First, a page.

I would like to see it all wrapped up into one package. Imagine going from conceptual drawings into details and then into a post processor that would generate the machine code that would allow machines to make the parts involved in your conception. Oh well, I suppose we just have to wait… .

imo, arexma said it all. I remember a project that aimed implementing CAD tools in Blender. It had incredible measure tools and drawing tools that totally looked like a CAD program’s. If i’m not mistaken I’ve even seen a video of someone drawing perfect arcs and snapping stuff just like in a CAD program. No news on that :frowning:

Also, boolean operations work the way they’re supposed to in CAD programs. Blender’s booleans just plain suck. That’s partly to do with the fact that CAD is solid modeling whereas Blender is surface modeling.

I am a product and jewelry designer and also teach computer based modeling.

Blender is only usable for modeling organic surfaces which would be to difficult
with NURBS or solids.

Blender is also good for quick mock ups to be honest.

Other then that it cannot serve CAD and engineering at all.

Take a look at T-Splines. It is a nice plug in to auto generate
nurbs surfaces from subdivision surfaces.

Also Catia uses the same idea and Alias Studio has a sculpt element
where you sculpt the car interior and then retrace everything with NURBS

Blender is a nice addition to CAD because engineering tools are only usable
for certain things and here Blender just rocks when it comes to organic modeling.

I think the main difference is the parametric modelling part. If you want to change something in blender, you’d have to change everything related to it by hand. Inventor and the like allow you to change 1 dimension, and a lot of the other parts of the model change, allowing you to not do much when changing the size. (You might have to fix it a little, but not too much). The dimensioning, cross-sections, etc are already implemented by scripts (which i cant’ find, but i did see it once: it was great!), but any sort of parametric modelling is not implemented.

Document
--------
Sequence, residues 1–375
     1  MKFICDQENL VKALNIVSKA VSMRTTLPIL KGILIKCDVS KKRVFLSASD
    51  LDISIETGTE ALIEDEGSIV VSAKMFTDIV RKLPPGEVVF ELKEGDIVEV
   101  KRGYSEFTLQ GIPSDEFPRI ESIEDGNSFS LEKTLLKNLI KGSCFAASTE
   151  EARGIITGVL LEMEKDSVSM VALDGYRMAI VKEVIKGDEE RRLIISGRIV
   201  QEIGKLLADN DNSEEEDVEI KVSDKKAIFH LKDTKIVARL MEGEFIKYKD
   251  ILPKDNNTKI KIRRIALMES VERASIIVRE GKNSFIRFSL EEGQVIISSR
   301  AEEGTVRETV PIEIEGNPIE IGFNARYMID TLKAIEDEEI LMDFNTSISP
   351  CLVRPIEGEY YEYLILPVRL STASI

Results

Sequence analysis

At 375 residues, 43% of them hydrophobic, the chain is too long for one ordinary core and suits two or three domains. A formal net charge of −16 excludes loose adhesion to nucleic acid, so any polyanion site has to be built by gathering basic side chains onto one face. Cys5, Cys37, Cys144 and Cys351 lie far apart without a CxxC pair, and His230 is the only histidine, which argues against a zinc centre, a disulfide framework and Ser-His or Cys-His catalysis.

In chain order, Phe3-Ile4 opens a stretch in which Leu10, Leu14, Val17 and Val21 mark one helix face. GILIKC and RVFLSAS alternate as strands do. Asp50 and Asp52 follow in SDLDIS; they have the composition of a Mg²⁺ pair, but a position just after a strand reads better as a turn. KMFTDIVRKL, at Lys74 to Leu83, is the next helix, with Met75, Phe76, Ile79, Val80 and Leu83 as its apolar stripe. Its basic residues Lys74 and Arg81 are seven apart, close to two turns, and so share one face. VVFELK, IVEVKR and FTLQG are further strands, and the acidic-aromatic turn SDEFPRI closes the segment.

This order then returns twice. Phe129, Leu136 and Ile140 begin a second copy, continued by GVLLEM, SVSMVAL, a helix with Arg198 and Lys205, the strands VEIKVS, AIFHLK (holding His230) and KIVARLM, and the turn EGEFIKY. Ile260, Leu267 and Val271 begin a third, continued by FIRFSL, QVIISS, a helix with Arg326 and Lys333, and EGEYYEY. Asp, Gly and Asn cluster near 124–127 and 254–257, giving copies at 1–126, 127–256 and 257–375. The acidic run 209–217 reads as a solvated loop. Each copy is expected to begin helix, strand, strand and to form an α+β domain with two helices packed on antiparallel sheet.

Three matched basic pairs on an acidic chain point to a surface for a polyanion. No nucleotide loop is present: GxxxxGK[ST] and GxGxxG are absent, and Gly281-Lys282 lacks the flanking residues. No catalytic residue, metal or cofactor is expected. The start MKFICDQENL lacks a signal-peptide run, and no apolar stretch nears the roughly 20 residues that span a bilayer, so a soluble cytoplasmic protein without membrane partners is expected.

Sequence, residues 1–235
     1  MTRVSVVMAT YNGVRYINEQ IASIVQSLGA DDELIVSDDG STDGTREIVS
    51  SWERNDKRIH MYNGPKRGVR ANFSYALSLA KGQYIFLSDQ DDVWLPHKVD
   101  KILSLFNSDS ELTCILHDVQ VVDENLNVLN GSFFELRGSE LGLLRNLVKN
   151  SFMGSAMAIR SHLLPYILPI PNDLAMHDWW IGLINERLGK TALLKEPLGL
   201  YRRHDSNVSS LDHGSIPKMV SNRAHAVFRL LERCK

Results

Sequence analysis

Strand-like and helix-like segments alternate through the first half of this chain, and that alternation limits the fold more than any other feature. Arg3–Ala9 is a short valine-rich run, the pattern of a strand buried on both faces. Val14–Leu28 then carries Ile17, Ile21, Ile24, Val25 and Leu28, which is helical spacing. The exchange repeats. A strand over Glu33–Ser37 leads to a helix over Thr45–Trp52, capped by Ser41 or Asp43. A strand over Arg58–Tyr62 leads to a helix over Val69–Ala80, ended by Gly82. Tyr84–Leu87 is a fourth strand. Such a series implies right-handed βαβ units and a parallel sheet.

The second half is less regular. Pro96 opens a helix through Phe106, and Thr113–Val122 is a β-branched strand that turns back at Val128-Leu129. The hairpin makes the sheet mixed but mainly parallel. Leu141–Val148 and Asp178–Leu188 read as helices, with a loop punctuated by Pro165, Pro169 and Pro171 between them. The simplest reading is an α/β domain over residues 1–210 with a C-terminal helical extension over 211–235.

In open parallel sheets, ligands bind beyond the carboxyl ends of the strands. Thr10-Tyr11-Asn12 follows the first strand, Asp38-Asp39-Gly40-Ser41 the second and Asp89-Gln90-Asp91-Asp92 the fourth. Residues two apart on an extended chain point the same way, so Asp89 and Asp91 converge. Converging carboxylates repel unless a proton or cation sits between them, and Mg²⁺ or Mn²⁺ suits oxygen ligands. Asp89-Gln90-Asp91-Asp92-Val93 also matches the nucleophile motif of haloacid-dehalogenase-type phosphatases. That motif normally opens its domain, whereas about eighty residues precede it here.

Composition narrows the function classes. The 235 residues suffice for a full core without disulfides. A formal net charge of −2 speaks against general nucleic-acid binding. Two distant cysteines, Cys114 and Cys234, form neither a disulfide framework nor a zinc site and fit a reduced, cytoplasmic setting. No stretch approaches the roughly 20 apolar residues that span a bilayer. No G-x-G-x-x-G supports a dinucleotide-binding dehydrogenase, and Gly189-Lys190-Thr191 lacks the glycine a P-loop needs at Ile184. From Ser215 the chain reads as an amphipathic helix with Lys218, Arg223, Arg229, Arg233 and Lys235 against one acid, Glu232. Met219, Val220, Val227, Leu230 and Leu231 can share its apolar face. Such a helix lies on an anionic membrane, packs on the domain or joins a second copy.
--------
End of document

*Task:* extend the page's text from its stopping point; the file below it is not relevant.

I went from blender to inventor, and thats the biggest difference. (You notice how handy it is in inventor when somebody changes one of the base dimensions by 20mm, causing you to have to fix it).

In my opinion, both has its own uses. You need the CAD software to draw the blueprints or drawings and then you import the cad format into Blender to give it a 3D shape. That’s what I do with my architectural assignments anyway. I draw the DWG in CAD then import it to Blender and render using Yafaray.

when you start getting into cad software I am sure that you will use one of the engineering applications common in our industry and quickly see the difference between blender polygon based modeling and a parametric 2d and 3d environment.

parametric, surfacing, precision, assembly line, physics calculation all that is what makes those apps.

Thanks for the explanations, again.
I’ve been seeing some demo videos.
it seems that in terms of modeling the focus in CAD software seems to be (apart from what you guys have said) making repetitive tasks faster and easier
To just get the job done, since their users will most likely not have professional 3d skills. atleast those i have/will study with consider it just another tool,which can be done wihout, which is the way it should be really.

I’m quite impressed and excited about all the geek stuff though. Looking forward to using them and yes, NURBS!

Organic modeling:

Parametric modeling

Assembly line:

As an engineer you will very often work together with the designers and create
production ready models since designers often only produce a concept in a
CAD software which is fast but not suitable for product testing, assembly, and production.

and here is another great demo

clay sculpting or digital 3d scanning of a clay model
surface analysis
redrafting with nurbs surfaces